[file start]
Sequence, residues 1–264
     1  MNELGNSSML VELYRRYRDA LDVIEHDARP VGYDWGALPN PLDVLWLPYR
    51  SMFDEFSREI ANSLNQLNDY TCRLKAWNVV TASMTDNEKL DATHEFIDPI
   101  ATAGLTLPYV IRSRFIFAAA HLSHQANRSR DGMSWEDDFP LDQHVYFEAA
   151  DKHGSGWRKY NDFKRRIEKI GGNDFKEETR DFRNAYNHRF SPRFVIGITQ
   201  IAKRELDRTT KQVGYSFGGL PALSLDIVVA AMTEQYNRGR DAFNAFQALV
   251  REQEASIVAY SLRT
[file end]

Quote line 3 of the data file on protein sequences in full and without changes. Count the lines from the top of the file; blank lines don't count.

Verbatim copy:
    51  SMFDEFSREI ANSLNQLNDY TCRLKAWNVV TASMTDNEKL DATHEFIDPI